Finding a good goalie this summer won’t be easy. There are slim pickings via unrestricted free agency, with former Leaf James Reimer the best of the bunch. It’s unlikely they’ll bring him back.
Options are also few in the trade market. Last month, Sportsnet’s Chris Johnston reported Leafs GM Lou Lamoriello scouted Frederik Andersen of the Anaheim Ducks.
Andersen, 26, is a restricted free agent with arbitration rights who’s a year away from UFA eligibility. If the Ducks are committed to John Gibson as their starter, Andersen could be shopped this summer. The Leafs could face competition for his services, as the Calgary Flames and Carolina Hurricanes could also come calling. Read more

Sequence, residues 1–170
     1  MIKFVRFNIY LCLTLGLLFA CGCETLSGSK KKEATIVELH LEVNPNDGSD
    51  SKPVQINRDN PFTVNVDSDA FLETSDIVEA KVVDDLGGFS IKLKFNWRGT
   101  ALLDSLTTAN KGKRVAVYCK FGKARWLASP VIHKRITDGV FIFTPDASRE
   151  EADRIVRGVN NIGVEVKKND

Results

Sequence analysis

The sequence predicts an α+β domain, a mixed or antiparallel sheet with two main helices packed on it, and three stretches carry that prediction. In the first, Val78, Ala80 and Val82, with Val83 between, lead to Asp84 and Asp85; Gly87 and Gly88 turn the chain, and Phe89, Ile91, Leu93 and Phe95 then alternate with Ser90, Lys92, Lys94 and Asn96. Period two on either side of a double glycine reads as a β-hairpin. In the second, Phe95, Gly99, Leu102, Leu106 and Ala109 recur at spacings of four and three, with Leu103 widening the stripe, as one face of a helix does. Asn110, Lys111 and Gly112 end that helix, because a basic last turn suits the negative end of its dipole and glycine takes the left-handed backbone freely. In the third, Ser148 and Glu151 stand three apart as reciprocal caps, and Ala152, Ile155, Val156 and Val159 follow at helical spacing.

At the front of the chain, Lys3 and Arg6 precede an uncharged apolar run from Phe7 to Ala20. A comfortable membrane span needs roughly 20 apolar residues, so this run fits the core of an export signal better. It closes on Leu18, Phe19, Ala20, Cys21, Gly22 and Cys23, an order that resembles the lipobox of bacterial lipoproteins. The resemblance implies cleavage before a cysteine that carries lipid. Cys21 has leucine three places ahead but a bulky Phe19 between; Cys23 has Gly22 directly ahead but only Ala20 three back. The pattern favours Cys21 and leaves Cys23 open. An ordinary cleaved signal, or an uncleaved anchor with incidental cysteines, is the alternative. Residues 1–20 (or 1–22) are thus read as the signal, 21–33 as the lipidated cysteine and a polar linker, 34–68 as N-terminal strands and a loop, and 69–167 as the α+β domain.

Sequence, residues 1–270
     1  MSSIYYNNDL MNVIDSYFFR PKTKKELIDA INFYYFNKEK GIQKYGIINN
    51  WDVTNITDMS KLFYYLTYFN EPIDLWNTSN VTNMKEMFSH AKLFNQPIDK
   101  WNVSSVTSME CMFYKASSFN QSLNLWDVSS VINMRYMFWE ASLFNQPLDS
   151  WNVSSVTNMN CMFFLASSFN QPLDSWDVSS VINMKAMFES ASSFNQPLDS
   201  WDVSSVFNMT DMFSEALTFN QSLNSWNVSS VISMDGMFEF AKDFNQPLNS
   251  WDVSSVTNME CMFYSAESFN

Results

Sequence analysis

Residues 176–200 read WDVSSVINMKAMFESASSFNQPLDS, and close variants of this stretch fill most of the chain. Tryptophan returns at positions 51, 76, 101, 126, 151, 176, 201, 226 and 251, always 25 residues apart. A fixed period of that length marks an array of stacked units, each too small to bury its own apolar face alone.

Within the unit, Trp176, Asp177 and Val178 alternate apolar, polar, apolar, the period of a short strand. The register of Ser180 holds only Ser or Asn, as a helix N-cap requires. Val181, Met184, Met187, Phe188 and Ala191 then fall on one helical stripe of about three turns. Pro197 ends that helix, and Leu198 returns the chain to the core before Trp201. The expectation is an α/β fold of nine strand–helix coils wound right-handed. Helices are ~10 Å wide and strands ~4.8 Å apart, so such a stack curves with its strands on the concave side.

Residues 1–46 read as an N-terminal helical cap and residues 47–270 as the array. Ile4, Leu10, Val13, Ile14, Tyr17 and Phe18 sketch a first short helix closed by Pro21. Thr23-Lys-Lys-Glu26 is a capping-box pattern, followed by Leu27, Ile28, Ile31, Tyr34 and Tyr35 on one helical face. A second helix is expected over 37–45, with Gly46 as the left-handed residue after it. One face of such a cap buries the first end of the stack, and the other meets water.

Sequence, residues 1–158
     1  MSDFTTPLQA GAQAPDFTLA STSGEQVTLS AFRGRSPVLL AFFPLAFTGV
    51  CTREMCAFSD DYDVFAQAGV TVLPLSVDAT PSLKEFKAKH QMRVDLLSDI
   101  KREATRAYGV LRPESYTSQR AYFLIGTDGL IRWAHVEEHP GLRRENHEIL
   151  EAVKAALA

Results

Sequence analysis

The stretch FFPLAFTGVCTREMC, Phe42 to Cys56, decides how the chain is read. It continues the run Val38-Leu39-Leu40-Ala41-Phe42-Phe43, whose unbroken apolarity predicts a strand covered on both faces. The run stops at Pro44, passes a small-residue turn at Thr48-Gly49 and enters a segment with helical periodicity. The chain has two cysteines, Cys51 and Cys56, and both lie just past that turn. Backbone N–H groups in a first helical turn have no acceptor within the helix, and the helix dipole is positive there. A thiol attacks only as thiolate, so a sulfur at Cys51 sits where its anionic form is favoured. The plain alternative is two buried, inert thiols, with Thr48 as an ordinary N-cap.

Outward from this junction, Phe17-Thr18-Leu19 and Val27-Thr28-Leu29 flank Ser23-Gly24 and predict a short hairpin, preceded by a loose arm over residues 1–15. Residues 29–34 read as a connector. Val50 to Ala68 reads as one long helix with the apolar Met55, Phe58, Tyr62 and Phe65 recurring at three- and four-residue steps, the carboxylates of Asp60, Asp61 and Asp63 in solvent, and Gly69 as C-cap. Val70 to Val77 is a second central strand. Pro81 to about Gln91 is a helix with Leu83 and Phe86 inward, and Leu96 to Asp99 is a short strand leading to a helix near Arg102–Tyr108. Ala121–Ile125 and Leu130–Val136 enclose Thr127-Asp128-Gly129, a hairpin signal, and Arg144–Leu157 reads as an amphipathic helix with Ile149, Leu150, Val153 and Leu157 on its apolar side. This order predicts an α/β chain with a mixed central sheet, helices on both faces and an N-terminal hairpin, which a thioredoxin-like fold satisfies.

First Ryan McDonagh, then Dan Girardi. The New York Rangers are living the “war of attrition” storyline that often dominates the Stanley Cup playoffs and they’re doing it right away. With those two regulars sidelined, the Rangers have called up defenseman Raphael Diaz from the AHL. When will he play?
Derick Brassard scored and added two assists and Henrik Lundqvist turned aside 29 shots as the New York Rangers evened the best-of-seven series with the Pittsburgh Penguins at 1-1 with a 4-2 win on Saturday.
With the Rangers trailing 1-0, Keith Yandle and Brassard scored 18-seconds apart in the second period. After Mats Zuccarello gave New York a 3-1 lead, Brassard set up Chris Kreider giving the visitors a 4-1 lead.